Penn’s Building Development Projects Go Full ‘Green’ Ahead
Recognized as one of the world’s most attractive urban campuses, Penn is home to significant achievements in planning, landscape design, and architecture. The University’s commitment to its Climate Action Plan ensures that capital projects are constructed with consideration of environmental sustainability. Every new building currently under design is registered with the U.S. Green Building Council, and is targeting LEED Silver rating or higher.
A number of sustainability features are readily included in all projects: the selection of building materials, finishes, and adhesives with low VOC content, the installation of appropriate low-flow and low consumption plumbing fixtures, a plan for diverting construction/demolition waste from landfills, and the inclusion of occupancy sensors to switch off lights in unused rooms.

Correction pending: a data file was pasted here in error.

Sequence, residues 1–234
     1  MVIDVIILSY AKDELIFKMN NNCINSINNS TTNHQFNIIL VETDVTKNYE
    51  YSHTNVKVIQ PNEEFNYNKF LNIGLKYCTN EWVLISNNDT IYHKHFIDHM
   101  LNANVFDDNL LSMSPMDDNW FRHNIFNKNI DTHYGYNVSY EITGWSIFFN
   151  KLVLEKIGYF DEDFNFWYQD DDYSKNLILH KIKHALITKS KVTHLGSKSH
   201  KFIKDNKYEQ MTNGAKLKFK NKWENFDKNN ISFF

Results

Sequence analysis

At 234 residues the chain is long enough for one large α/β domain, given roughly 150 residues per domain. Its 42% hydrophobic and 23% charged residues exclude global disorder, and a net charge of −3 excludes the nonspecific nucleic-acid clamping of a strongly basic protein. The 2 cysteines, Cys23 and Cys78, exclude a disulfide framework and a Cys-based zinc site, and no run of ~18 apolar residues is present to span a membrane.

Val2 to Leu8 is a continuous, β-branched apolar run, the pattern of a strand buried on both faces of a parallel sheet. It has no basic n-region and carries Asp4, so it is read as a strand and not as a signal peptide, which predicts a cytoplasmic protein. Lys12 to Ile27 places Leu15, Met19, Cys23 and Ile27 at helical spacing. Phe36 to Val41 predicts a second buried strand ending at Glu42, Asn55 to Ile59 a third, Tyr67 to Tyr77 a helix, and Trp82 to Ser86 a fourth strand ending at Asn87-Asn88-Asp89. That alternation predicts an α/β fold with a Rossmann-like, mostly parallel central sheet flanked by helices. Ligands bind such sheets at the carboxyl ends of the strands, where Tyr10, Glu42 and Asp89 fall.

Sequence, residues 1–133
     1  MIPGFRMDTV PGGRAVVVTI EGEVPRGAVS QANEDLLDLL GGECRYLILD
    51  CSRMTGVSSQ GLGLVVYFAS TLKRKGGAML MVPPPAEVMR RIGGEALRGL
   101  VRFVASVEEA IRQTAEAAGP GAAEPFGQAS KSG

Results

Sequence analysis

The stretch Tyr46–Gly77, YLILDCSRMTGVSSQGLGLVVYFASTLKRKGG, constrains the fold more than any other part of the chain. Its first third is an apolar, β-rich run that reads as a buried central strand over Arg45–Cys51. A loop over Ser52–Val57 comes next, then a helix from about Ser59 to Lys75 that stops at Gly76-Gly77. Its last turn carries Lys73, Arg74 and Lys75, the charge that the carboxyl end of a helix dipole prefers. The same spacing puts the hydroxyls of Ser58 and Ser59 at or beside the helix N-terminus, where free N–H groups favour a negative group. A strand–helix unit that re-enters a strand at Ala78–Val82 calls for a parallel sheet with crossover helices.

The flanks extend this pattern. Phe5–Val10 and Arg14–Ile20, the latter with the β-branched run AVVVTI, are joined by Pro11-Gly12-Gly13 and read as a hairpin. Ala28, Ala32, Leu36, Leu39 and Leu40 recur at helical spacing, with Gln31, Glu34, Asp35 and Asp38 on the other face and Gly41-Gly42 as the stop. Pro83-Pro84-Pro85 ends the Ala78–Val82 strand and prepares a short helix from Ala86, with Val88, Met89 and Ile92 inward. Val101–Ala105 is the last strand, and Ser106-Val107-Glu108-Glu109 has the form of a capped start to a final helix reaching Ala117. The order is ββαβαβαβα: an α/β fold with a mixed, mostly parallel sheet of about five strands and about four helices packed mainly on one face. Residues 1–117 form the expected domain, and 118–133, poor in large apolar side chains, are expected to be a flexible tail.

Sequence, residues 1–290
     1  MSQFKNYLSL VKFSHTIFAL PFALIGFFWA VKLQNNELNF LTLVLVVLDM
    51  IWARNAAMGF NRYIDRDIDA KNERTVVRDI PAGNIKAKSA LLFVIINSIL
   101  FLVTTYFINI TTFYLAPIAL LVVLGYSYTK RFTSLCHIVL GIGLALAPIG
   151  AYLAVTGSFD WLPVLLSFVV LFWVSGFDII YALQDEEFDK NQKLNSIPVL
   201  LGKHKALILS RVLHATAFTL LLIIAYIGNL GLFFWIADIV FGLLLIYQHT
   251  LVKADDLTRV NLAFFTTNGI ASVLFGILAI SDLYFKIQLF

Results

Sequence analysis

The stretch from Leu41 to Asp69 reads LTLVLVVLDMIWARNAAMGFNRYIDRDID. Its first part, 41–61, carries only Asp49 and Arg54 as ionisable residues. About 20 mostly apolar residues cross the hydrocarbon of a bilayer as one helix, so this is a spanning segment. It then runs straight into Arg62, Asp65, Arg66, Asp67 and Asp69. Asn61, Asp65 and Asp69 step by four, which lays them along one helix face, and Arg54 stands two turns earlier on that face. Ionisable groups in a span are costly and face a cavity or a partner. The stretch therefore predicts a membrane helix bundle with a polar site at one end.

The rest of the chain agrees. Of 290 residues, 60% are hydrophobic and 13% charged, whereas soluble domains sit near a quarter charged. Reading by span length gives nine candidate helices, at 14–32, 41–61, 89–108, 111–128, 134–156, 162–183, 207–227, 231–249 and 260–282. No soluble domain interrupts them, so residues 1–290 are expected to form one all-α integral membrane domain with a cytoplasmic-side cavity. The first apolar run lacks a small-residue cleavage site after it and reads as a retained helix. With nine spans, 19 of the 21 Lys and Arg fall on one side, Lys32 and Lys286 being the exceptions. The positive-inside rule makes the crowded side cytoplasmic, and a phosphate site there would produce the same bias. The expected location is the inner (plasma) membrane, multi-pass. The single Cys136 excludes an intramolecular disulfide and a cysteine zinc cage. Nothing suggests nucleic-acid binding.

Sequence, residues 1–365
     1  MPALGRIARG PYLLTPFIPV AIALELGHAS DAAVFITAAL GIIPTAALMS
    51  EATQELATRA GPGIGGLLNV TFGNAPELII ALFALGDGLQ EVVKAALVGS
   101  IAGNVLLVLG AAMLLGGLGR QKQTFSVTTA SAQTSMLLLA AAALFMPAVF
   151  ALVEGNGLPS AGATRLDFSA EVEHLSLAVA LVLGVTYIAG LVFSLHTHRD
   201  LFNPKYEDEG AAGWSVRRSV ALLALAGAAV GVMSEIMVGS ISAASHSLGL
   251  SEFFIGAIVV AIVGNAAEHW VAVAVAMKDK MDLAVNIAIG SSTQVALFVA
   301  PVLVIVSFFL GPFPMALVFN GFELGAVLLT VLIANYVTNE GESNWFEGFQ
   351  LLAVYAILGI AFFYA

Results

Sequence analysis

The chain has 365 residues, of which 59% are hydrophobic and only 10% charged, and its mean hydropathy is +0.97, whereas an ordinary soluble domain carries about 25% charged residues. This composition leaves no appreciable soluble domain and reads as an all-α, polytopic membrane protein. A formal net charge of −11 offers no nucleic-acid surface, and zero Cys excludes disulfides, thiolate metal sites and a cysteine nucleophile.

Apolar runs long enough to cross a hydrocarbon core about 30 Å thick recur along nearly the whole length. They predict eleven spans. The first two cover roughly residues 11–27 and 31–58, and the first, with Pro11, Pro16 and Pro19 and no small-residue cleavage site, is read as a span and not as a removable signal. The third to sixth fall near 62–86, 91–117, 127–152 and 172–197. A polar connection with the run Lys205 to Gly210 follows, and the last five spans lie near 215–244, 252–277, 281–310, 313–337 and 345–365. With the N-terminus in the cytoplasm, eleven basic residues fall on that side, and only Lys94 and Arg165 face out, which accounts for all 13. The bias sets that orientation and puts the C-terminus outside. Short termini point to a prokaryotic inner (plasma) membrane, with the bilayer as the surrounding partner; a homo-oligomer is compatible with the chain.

Creativity and innovation have a place in each capital project as well, depending on the type and intended use of the new or restored building. Two of Penn’s current construction projects (the New College House and the Neural-Behavioral Sciences Building), and one recently completed building restoration (the ARCH), target a number of specific opportunities on the relevant LEED checklist. Examples in the ARCH (The Arts, Research and Culture House – 3601 Locust Walk) include:
- In excess of 40% of the original building was reused, including walls, roof and superstructure.
- At least 5% of the materials taken from this building are being held for re-use in other different projects.
- All new woods used in the building are part of the Forest Stewardship Council program that ensures best forestry standards.
- Optimized HVAC systems have been added to the building for the first time.
- Building occupants have enhanced control of the lighting and thermal systems.
Sustainable elements are also in the design plans for the New College House on Chestnut Street between 33rd and 34th Streets (an open landscaped lawn area, plus a series of green roofs are planned), and the Neural and Behavioral Sciences Building on University Avenue at 38th Street (an exterior decorative sunscreen will reduce solar heat gain).